hurricane laura

‘We Dodged a Bullet,' Gov. Abbott After Hurricane Laura Damage Assessment

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Texas Gov. Greg Abbott said Texas appears to have made it through Hurricane Laura with minimal or no loss of life, which he said was a "miracle."

Abbott on Thursday described seeing roofs sheared off buildings and uprooted trees following aerial tour of the damage near the state border with Louisiana. The storm surge that was predicted to be as high as 10 feet (3 meters) before landfall wound up being closer to 3 feet (0.9 meters), he said.

The sounds of cleanup will be underway along the Texas Louisiana border for a while as residents pick up the pieces after Hurricane Laura. NBC 5’s Scott Gordon reports.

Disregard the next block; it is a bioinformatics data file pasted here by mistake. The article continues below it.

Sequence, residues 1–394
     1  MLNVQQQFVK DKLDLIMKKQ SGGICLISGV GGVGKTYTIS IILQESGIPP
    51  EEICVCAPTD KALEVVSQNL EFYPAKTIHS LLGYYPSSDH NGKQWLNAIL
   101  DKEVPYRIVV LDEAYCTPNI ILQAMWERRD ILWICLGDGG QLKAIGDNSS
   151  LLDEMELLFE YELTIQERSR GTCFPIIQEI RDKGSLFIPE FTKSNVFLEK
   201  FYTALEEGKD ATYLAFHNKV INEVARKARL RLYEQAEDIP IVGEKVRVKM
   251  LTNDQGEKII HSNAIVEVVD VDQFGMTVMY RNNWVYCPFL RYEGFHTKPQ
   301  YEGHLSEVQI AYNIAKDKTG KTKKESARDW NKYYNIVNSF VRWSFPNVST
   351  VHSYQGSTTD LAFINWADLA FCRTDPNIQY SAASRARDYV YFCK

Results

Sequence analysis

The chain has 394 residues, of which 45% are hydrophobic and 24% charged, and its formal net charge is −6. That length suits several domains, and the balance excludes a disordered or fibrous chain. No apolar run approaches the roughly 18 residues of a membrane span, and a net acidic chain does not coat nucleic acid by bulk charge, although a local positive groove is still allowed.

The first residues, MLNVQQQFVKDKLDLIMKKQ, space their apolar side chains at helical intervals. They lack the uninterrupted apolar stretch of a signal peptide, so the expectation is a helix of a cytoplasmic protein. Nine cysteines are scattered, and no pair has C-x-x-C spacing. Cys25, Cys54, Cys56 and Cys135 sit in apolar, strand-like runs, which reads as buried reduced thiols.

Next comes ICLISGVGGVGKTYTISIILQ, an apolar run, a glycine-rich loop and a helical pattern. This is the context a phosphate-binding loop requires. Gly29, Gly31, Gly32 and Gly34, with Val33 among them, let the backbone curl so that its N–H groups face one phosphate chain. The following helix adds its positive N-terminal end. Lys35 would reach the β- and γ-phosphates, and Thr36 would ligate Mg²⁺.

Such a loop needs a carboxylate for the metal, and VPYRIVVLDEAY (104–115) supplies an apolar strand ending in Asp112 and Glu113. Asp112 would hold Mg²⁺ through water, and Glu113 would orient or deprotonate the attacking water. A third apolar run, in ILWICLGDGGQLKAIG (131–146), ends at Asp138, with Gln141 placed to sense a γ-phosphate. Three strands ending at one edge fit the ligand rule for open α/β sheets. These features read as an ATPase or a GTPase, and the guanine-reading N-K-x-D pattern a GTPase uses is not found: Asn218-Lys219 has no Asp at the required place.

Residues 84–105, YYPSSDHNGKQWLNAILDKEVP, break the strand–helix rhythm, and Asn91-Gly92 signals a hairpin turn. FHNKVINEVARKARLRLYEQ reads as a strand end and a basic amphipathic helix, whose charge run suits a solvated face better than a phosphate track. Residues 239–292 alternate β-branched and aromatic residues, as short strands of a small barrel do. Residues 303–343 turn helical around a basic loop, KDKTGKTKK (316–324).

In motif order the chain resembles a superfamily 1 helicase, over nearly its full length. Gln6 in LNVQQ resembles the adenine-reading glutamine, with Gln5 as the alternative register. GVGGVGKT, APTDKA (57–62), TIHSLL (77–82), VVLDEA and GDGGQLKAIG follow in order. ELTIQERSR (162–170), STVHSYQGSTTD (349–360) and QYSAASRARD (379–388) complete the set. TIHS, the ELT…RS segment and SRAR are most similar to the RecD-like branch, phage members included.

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Hurricane Laura left its mark along the Texas gulf coast, especially in Orange Texas where trees were uprooted and buildings damaged, but those who live there are thankful it was not worse.
Those who live in Vinton, Louisiana, just across the Texas border, spent the day surveying the damage in their town after Hurricane Laura moved through overnight.

And nearly 12 hours after landfall, Abbott says there were still no confirmed fatalities.

Abbott said about 8,500 people were served in Texas shelters. He said the state minimized potential loss of life because residents in the storm's path heeded local advance warnings to evacuate.

In a video shared by the office of Texas Gov. Greg Abbott (R), the governor surveys the damage done by Hurricane Laura in Texas and Louisiana on Thursday, Aug. 27, 2020. The storm, with winds of 150 mph, tied for the strongest hurricane ever to make landfall in Louisiana.
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